From the Boom to Bluetooth; 20 Years of Mobile Electronics

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Adult Doug: So, you are turning 16. Once you get a car, what is the first thing you want to do?

15 year old Doug: I want a huge stereo system!

When I was in high school, a loud stereo and a trunk full of subwoofers were envy of kids across the social spectrum. It was the cool thing to do. What had been a thing only seen in music videos had started to spill into high schools everywhere. I don’t know when it bit me, but I caught the bug, hard. In fact, I had an Alpine CD player on layaway even before I had a car.


While working my minimum wage job, I slowly built my system. Paycheck by paycheck, I chipped away at it. I always had something new on layaway. I can say, without reservation, I had the loudest, best sounding 1986 Ford Taurus around!

Here is a gem of a video from the IASCA Finals in 1994. Erik and I both happened to be at this same event as wide eyes teens, Be warned, this video contains many mullets.


Well, as I was putting my idea of a perfect stereo system together, my best friend down the street was by my side doing the exact same thing. He was hooked just as I was. His story is a quite different from mine though. What had been fun hobby for me, turned into a full-fledged obsession for him. So much so that he made a career out of it. While I may have different priorities now, I still love the technology and have seen the industry change dramatically in the past few decades. I decided to take an in depth look and sit down with Erik to see how he industry has evolved.


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Erik Ervin is the owner of Vaughan’s Mobile Electronics in Arlington, Tx. They specialize in everything from window tint to a full system build out. He has been in the industry for over 20 year.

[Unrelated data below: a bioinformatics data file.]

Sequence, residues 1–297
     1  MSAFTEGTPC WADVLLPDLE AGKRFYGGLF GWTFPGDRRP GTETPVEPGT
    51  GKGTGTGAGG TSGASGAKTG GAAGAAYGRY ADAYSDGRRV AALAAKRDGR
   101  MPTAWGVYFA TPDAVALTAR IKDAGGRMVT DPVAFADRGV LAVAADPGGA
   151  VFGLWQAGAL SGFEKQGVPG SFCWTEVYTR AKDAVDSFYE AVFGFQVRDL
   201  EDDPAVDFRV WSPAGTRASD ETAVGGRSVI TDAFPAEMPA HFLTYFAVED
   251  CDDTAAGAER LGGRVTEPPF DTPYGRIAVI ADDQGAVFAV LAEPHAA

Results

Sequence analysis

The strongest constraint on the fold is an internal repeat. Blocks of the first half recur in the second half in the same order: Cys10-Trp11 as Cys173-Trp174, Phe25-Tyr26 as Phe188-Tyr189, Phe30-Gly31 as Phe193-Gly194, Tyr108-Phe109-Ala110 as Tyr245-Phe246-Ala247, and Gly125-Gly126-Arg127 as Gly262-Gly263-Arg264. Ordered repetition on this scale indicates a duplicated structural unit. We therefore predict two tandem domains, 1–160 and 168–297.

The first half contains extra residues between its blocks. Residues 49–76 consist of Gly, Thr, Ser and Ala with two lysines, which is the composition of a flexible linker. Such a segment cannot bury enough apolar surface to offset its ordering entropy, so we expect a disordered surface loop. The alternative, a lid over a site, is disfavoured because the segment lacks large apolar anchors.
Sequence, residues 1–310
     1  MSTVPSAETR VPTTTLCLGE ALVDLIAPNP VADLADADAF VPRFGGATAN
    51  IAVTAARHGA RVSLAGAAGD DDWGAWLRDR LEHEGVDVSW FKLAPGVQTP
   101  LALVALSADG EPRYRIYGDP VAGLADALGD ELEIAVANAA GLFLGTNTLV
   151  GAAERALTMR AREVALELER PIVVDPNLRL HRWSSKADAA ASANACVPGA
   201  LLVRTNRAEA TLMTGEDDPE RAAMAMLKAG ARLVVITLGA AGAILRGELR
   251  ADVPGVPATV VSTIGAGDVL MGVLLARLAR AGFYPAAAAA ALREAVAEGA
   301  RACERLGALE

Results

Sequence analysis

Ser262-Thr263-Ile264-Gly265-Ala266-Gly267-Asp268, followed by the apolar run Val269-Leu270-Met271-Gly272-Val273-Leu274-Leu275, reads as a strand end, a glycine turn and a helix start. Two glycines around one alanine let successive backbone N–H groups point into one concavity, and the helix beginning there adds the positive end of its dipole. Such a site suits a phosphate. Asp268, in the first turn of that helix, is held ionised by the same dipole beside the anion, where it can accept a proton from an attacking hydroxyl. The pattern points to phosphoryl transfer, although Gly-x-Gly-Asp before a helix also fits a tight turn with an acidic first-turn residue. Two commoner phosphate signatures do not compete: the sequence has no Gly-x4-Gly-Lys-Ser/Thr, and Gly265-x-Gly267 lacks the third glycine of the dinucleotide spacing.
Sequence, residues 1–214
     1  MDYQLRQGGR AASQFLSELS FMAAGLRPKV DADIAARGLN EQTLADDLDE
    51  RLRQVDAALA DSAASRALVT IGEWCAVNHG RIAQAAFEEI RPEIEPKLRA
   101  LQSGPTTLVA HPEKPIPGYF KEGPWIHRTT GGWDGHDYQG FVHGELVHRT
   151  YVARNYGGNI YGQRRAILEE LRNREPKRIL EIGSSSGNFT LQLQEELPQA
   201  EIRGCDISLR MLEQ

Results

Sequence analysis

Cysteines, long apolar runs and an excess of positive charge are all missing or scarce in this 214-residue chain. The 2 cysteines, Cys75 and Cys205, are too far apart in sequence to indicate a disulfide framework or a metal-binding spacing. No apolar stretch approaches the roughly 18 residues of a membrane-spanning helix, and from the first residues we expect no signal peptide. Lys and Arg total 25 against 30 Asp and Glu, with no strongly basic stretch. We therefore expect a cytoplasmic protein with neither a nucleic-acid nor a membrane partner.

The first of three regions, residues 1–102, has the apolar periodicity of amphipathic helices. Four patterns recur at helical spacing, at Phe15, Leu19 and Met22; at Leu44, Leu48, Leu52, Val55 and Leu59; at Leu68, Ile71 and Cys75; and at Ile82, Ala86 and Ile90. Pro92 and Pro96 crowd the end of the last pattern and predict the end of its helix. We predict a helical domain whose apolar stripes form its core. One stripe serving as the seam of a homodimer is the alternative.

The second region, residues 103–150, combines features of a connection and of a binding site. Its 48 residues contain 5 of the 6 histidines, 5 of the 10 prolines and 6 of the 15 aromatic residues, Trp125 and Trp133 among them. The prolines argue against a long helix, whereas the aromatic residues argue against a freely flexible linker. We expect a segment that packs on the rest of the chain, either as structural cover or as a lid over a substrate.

Doug- Erik, tell us about how you got involved in the mobile electronics industry.

Erik- It all started with my buddy, Doug. Younger kid, eager to drive, 14 -15 years old. You were a little bit older and already had you car and was into it. I’d have to say you are the one who turned me onto it.

D- Where did you get your start and what steps or events lead you to owning a shop of your own?

E- Started out at Grand Prairie Audio. Basically a shop rat, gopher. Some sales. Eventually just worked my way up. After about a year, year and a half of doing that, I was doing alarms. That’s kinda what separates a regular radio installer from a full fledged car audio installer. Spent several years working for a bigger corporation. Then finally in 2010, I quit and went out on my own. First couple years were really rough. After the second or third year it got a little easier. It gets a little easier every year.

D- Talking on that, what is the biggest advantage of owning your own shop over working for a larger corporation?

E- Being able to tell somebody no. Being able to turn away things you couldn’t turn away at a big box store. On the flip side of things, you can take in things a big box store wont. It kinda goes both ways.

D- It seems you have the ability to get creative with some of the larger jobs. What are some of the more memorable installs you have done?

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E- We did a Tahoe a few years back that was 6 13s on a B pillar wall. In a 2005 Tahoe. That’s one of the loader builds I’ve done recently. We have had several, high end, exotic cars come in for the higher end laser/ radar detectors. Those are always fun. Currently, we are building a shop demo Astro van. The plans are to have 4 15 inch subs with over 20,000 watts of power using all DD Audio equipment.